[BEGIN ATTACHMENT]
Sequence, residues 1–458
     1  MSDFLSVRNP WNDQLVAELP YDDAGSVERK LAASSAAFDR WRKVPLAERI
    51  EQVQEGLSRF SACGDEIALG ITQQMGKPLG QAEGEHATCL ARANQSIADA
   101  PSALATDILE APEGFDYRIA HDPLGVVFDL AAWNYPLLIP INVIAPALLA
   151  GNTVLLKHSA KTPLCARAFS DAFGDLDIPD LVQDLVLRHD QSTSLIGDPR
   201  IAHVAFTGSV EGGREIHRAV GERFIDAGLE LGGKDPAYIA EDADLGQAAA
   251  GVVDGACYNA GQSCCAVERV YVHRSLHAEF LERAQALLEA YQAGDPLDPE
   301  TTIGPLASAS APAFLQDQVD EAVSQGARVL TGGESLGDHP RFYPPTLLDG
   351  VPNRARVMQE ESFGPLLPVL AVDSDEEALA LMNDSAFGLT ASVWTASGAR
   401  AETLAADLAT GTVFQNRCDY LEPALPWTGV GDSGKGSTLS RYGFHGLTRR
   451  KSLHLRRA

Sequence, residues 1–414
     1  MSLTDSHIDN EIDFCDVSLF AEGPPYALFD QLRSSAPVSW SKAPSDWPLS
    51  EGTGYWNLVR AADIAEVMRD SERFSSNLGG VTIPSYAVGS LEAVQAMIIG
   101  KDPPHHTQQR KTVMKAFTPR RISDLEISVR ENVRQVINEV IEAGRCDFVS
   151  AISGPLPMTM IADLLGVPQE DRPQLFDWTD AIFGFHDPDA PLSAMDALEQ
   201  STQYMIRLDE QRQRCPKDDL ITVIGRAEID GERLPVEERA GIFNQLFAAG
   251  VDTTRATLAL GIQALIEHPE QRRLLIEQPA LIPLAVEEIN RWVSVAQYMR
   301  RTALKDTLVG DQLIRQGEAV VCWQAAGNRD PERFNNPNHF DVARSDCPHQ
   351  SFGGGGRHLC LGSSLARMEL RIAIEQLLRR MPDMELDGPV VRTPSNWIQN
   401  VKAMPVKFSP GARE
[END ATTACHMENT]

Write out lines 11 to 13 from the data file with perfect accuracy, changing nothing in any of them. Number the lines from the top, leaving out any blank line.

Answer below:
   451  KSLHLRRA

Sequence, residues 1–414
     1  MSLTDSHIDN EIDFCDVSLF AEGPPYALFD QLRSSAPVSW SKAPSDWPLS